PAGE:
When snow and ice melt, dissolved salts on roadways are carried into adjacent storm sewers that enter our local rivers, lakes, and streams. Once in the water, there is no way to remove the chloride, and at high concentrations chloride harms fish and plant life.
1. Shovel first. The more snow and ice you remove manually, the less salt you will have to use. Break up ice with an ice scraper or shovel snow off walkways, then decide if the application of de-icer or salt is necessary to maintain traction.
2. Slow down. Drive for winter conditions and be courteous to slow-moving plows. The slower they drive, the more salt will stay on the road where it’s needed.
3. Use sparingly. More salt does not mean less ice. Use less than four pounds of salt per 1,000 square feet (an average parking space is about 150 square feet). One pound of salt is approximately a heaping 12-ounce coffee mug. Also, be patient; salt takes time to work. Applying more before allowing time to take affect will lead to unnecessary contamination.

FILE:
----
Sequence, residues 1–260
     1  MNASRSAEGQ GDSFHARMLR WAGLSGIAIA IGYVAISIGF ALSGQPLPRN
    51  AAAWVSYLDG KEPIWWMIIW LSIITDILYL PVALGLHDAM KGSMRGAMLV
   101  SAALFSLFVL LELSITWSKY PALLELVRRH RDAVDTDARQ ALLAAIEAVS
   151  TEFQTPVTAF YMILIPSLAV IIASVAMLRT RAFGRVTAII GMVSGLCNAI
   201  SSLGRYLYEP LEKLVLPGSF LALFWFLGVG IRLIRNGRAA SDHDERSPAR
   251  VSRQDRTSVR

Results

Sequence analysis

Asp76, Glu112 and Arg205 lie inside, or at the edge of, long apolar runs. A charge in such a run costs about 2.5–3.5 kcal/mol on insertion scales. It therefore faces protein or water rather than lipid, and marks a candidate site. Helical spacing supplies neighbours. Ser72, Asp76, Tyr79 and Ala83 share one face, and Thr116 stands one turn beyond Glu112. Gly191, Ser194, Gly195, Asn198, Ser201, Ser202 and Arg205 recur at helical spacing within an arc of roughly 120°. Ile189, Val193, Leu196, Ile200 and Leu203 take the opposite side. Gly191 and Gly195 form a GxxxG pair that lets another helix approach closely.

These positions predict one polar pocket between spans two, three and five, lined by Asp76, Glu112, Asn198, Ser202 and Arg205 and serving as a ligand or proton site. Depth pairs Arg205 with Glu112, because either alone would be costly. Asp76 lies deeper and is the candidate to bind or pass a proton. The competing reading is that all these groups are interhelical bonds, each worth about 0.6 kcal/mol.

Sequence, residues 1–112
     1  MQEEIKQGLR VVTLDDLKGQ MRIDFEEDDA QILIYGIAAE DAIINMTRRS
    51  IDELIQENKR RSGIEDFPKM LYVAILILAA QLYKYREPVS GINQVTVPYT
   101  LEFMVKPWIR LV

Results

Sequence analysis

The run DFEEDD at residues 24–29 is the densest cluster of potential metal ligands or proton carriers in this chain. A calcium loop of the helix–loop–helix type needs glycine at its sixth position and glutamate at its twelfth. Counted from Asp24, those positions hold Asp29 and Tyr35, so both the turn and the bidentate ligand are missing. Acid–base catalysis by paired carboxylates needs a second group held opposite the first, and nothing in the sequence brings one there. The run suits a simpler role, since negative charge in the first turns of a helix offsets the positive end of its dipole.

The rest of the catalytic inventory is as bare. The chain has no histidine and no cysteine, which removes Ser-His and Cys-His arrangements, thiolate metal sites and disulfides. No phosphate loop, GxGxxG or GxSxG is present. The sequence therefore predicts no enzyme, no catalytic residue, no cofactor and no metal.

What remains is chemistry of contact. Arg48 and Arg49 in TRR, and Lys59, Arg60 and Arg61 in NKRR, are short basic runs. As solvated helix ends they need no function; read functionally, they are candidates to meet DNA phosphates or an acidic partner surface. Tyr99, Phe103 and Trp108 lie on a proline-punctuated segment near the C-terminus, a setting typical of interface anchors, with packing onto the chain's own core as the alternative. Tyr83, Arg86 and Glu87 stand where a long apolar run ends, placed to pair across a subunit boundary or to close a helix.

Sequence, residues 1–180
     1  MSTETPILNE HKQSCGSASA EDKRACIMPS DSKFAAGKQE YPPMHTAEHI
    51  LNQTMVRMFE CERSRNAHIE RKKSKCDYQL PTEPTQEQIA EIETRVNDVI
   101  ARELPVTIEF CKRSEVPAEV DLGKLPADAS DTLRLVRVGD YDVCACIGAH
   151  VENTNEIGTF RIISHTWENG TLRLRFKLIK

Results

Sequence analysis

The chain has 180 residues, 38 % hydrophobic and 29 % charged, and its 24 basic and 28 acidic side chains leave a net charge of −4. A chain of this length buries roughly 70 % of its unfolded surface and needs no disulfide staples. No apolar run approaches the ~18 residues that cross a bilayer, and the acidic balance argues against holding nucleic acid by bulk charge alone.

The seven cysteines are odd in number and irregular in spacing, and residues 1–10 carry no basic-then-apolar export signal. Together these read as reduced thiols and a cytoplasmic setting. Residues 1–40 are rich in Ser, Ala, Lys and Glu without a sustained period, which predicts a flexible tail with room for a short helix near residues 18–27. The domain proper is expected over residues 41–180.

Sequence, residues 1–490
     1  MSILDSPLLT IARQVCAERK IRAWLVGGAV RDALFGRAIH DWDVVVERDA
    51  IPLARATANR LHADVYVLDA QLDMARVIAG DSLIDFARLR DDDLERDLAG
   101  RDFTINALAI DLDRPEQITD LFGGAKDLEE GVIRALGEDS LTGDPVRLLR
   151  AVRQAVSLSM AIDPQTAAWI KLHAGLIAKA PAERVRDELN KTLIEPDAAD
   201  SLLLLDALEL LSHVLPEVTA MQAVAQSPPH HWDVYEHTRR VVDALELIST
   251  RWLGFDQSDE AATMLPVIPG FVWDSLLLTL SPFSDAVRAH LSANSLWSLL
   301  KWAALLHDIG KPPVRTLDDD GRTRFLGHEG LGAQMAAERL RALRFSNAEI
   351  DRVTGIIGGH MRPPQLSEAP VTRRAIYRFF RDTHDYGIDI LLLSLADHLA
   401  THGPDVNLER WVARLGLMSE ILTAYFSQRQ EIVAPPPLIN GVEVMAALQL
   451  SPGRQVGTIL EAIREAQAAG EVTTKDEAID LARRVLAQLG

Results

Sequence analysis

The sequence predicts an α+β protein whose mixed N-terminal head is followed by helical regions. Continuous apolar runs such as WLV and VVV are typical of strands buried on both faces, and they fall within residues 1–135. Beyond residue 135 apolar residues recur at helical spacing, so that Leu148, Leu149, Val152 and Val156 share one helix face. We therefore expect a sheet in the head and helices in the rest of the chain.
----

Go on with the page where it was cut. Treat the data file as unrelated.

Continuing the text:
4. Sweep it up. If extra salt or sand is visible on dry pavement, it is no longer doing any work and will be washed away. The excess can be swept up and reused for the next snow or disposed of in the trash.
5. Wait for warm weather. Most salts stop working efficiently when the temperature is below 15 degrees. You can use sand instead for traction in these frigid conditions.
Visit CRWC.org for more info.